On Fiat and Starbucks

There Will Be No Fines In The Starbucks And Fiat European Union Tax Cases

14 thoughts on “On Fiat and Starbucks”

  1. And what fun. This post has just been retweeted by the SVP of corporate communications of…..Starbucks

  2. Well, the person who would be fined is currently President of the EU Commission so what would you expect? Geese voting for Christmas, turkeys voting for Thanksgiving?

  3. “asked the controlling governments, Luxembourg and Holland”

    Holland doesn’t have a government, just as England doesn’t have a government.

  4. I see RM has not quite grasped that illegal stae aid is aid by the state which is illegal, not by the companies who have a letter saying it’s legal.

  5. Such is the paucity of Murphy’s tax knowledge that he misses the point. The idea behind the double company structures is to make a lending arrangement that is a bona fide lending arrangement from the point of view of the borrower while making it look like the topco is lending to its foreign branch (and entities that consolidate with it. In order to make this kosher the intermediate group companies have to make a taxable profit, so there is a relatively small tax cost because of the tax on the margin, and one of the negotiating points in getting a tax ruling from Luxembourg was what the amount of that de minimis margin should be. The Luxembourg authorities appear to have accepted one sixty-fourth of a percentage point as being enough whereas the EU says that is too small, but in the whole scheme of things if they paid tax on as much as 0.25%, the groups would still pay no tax on interest at 8.75% (assuming 9% interest on the loans (which many of them do). The rulings are only an agreement with the Lux tax authorities (who will presumably be happy to get paid a little extra tax) but do not affect the rest of the arrangements.

  6. I’m assuming that if we end up with country by country reporting that Murphy wants we are just going to end up with more of the Starbucks type of situation, where they report by country, but legitimately manage their structure and allocations so as to minimise their tax. So Facebook will happily declare a large UK revenue figure which will be mostly wiped out by cost allcations of central resources etc.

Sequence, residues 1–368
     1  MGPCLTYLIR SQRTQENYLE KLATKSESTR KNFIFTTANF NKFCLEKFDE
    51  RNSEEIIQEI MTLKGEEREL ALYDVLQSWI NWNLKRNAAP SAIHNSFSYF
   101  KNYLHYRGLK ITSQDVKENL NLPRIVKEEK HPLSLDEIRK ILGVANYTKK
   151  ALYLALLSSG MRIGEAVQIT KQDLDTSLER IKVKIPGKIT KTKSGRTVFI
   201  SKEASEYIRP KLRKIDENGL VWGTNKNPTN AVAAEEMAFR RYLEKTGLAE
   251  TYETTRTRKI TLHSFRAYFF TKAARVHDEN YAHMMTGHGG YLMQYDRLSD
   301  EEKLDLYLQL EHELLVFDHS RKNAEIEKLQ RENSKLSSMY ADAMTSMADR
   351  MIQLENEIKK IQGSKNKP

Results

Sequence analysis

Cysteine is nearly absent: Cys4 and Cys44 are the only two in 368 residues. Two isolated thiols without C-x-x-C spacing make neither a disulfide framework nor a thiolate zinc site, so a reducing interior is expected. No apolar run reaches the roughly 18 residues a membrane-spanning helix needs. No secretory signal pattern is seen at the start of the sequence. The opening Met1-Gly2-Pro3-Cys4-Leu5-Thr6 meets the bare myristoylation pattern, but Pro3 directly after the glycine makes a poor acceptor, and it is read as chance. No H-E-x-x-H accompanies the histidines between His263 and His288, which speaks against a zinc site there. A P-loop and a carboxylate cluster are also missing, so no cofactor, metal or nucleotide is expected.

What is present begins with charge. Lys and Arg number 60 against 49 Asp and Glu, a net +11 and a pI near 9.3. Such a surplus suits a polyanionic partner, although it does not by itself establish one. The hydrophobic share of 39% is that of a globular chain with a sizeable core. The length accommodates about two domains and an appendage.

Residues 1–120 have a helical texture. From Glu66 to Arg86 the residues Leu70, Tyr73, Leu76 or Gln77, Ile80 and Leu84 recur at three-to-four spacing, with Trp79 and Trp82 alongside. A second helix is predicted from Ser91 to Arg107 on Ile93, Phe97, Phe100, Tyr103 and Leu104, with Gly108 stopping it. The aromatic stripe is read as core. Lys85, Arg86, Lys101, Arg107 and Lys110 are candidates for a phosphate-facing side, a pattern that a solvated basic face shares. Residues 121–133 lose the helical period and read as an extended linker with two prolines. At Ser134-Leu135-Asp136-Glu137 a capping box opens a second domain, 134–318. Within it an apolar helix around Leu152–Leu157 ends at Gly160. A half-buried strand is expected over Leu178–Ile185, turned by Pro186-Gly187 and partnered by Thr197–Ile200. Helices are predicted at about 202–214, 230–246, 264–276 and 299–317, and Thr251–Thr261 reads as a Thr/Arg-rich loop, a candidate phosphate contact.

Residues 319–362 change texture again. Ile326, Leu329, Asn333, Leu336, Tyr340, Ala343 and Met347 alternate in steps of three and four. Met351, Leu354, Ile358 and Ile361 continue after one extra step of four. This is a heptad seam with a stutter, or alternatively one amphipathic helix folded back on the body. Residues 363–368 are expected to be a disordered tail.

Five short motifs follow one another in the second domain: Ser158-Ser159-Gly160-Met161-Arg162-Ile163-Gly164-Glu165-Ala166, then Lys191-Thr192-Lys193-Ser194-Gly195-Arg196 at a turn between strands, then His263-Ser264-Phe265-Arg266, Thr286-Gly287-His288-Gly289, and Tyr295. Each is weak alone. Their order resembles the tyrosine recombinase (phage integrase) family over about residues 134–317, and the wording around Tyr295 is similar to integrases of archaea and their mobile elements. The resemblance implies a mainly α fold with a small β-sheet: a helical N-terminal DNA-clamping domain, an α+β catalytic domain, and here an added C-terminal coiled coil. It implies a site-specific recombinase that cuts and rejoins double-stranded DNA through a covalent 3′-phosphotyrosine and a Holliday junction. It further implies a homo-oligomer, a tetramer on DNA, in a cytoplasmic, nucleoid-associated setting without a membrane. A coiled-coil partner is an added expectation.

Maybe I’ll ask Murphy what face books uk revenue should be

    Ad sales booked by uk residents/businesses
    Revenue from ads served to British IP addresses, which I would assume need adjusting for click through rate if part of the contract covers that

  7. -Rob Oxfam exists “help create lasting solutions to the injustice of poverty”.

    Just as well, there is not enough famine to justify all that management.

    Of course eradicating poverty is a noble goal but as Oxfam points out ‘one person in three lives in poverty’, so they’ll all probably make it through to their pensions…

  8. I was having a chat with a vice director of something or other at Starbucks on Monday at an event. They’ve all been briefed internally about this and that briefing was “We’ve done nothing wrong and we don’t care. Don’t rock the boat though guys”.

  9. Can one of the resident tax experts confirm if Mary Snell has handed him his arse on this in the comments on his article? I think I follow her argument, but as always Ritchie is giving one line answers which don’t shed any light on things.

    Also, I think this is priceless:

    “No idea if this is feasible but couldn’t UK tax law be changed so that we move towards sales taxes, against which corporation tax duties could be offset, set at rates whereby non-cheaters’ existing tax liabilities change very little but cheaters’ tax liabilities grow?

    Richard Murphy says:
    October 22 2015 at 9:21 am

    That is a tax in consumption and not capital

    It would be regressive

    And we already have a sales tax that is widely evaded”

    Wasn’t Ritchie’s big idea recently a consumption tax?

    Stump thinking again.

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